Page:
‘I work on an image in an almost classical vein: composition, figuration, use of light. On the other hand, I do not refrain from resorting to all kinds of idioms, such as the surrealist principle of association or the abstract experiments which foreground texture and surface’ (A. Ghenie, quoted in Flash Art, November-December 2009).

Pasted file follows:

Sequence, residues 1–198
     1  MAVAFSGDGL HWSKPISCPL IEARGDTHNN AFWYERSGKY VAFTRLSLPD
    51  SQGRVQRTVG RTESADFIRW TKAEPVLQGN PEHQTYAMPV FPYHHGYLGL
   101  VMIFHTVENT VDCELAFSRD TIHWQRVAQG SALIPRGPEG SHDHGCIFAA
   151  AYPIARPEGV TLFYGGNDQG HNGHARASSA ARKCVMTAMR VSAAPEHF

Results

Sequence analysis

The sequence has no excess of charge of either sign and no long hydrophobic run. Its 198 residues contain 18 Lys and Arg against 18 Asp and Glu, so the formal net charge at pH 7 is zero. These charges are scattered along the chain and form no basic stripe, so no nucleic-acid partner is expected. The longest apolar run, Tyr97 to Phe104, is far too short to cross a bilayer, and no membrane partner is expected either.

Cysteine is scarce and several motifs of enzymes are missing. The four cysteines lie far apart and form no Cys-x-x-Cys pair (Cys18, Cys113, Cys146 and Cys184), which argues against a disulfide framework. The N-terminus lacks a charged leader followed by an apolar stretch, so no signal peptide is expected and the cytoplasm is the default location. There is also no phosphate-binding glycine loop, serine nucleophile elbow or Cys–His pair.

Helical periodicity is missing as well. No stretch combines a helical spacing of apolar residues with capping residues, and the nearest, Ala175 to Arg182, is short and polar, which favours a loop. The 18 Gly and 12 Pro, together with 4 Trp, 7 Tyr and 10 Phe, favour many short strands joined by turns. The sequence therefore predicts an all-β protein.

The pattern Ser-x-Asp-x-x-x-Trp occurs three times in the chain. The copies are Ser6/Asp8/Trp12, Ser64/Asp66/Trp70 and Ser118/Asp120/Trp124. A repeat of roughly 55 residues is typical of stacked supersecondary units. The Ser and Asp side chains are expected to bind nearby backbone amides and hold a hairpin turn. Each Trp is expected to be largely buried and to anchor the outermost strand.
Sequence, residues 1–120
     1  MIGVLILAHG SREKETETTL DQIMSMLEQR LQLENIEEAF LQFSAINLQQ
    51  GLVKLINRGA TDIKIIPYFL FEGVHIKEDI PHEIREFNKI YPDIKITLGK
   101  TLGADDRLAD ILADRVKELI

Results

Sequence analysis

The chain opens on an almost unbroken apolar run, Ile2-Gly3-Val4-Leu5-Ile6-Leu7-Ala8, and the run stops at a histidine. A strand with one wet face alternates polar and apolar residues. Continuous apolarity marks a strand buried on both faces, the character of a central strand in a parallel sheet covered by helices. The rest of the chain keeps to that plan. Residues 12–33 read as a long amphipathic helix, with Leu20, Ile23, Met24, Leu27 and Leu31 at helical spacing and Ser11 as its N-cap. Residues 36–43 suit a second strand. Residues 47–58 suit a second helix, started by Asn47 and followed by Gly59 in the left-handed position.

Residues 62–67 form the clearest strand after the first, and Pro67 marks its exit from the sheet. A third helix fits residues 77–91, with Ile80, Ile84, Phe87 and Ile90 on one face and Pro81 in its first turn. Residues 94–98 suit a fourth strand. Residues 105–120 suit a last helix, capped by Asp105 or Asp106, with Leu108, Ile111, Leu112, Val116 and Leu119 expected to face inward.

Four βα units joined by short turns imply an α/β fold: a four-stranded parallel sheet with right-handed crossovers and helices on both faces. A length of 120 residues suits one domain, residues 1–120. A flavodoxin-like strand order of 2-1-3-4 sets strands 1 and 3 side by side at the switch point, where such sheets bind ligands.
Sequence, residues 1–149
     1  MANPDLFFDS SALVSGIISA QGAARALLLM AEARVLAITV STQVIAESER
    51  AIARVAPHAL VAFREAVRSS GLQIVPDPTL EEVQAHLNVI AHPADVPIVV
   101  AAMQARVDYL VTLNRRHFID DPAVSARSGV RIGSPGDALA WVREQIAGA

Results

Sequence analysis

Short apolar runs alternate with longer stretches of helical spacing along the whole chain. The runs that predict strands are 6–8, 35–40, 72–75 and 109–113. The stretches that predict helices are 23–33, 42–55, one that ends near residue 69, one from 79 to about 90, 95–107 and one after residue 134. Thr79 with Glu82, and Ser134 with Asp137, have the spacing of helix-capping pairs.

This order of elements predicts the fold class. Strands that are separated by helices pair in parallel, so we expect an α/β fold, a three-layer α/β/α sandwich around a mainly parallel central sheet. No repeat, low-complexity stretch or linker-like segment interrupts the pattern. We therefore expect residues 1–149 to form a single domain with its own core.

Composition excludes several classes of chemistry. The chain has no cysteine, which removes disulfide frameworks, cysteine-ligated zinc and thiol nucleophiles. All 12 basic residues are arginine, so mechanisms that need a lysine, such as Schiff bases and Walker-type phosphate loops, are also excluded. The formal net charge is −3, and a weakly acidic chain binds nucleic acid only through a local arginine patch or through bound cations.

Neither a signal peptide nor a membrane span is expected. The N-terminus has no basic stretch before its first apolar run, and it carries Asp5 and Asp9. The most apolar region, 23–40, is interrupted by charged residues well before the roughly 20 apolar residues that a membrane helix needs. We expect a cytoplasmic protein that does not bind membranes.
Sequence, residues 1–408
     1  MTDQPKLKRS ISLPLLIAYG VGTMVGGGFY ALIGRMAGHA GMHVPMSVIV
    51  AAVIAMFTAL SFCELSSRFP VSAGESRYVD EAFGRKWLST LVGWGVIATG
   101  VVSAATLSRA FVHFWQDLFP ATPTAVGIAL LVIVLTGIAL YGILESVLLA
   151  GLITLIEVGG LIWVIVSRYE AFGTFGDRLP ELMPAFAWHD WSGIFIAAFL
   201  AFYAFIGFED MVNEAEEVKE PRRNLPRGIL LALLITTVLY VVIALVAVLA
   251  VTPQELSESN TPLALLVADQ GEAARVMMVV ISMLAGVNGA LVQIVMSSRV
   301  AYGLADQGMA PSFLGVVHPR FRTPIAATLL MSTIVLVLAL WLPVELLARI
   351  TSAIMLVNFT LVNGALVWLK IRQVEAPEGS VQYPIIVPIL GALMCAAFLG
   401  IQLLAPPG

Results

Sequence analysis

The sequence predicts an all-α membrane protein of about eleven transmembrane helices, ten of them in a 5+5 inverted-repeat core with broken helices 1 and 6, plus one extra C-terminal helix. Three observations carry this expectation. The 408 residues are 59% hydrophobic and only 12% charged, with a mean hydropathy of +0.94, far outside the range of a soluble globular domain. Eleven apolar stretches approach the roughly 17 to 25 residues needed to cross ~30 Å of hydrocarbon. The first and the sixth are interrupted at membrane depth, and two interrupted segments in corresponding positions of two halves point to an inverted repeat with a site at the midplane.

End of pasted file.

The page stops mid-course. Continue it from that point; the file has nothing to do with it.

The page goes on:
Painted in 2009, Pie Fight Study stems from Adrian Ghenie’s celebrated Pie Fight series. Standing in silence with his right hand on his cheek, a lonely figure gazes into the distance. The unidentified man’s face is covered in thick strokes of oil paint, which slowly slide down his shoulders like custard cream. Stunned in a dark and solitary room, the man seems to be deeply dismayed by the pie-fight – a reluctant character in Ghenie’s unfolding drama. Painted with expressive brush strokes and dense layers of thick impasto, the composition oscillates between realism and abstraction, as the hazy figure dissolves into a nebulous arrangement of hues of paint. Ghenie’s paintings pair fictional comedy with historical tragedy to spectacular effect. The artist began his Pie Fight series in 2008 and returned to it in 2012; the cycle starred in the artist’s first U.S. museum show, Pie-Fights and Pathos at the Museum of Contemporary Art in Denver in 2012. Making reference to the pastry wars in comedies such as The Sweet Pie and Pie, starring The Three Stooges, 1941, where the actors’ faces were smeared with custard to the point of anonymity, Ghenie also draws from the darker chapters of twentieth-century Europe, evoking iconic images from Nazi history and then rendering them anonymous with a public ‘gunging’. In Pie Fight Study, the composition has a special filmic quality, with an atmosphere of suspense that is cultivated like a freeze-frame. We wait in a state of heightened anticipation for the next act of the drama. As the artist himself has explained, ‘I think consciously and unconsciously I want to master in painting what David Lynch has done in cinema. It was with Lynch that I started to build the visual language of my paintings’ (A. Ghenie, quoted in Flash Art, November-December 2009).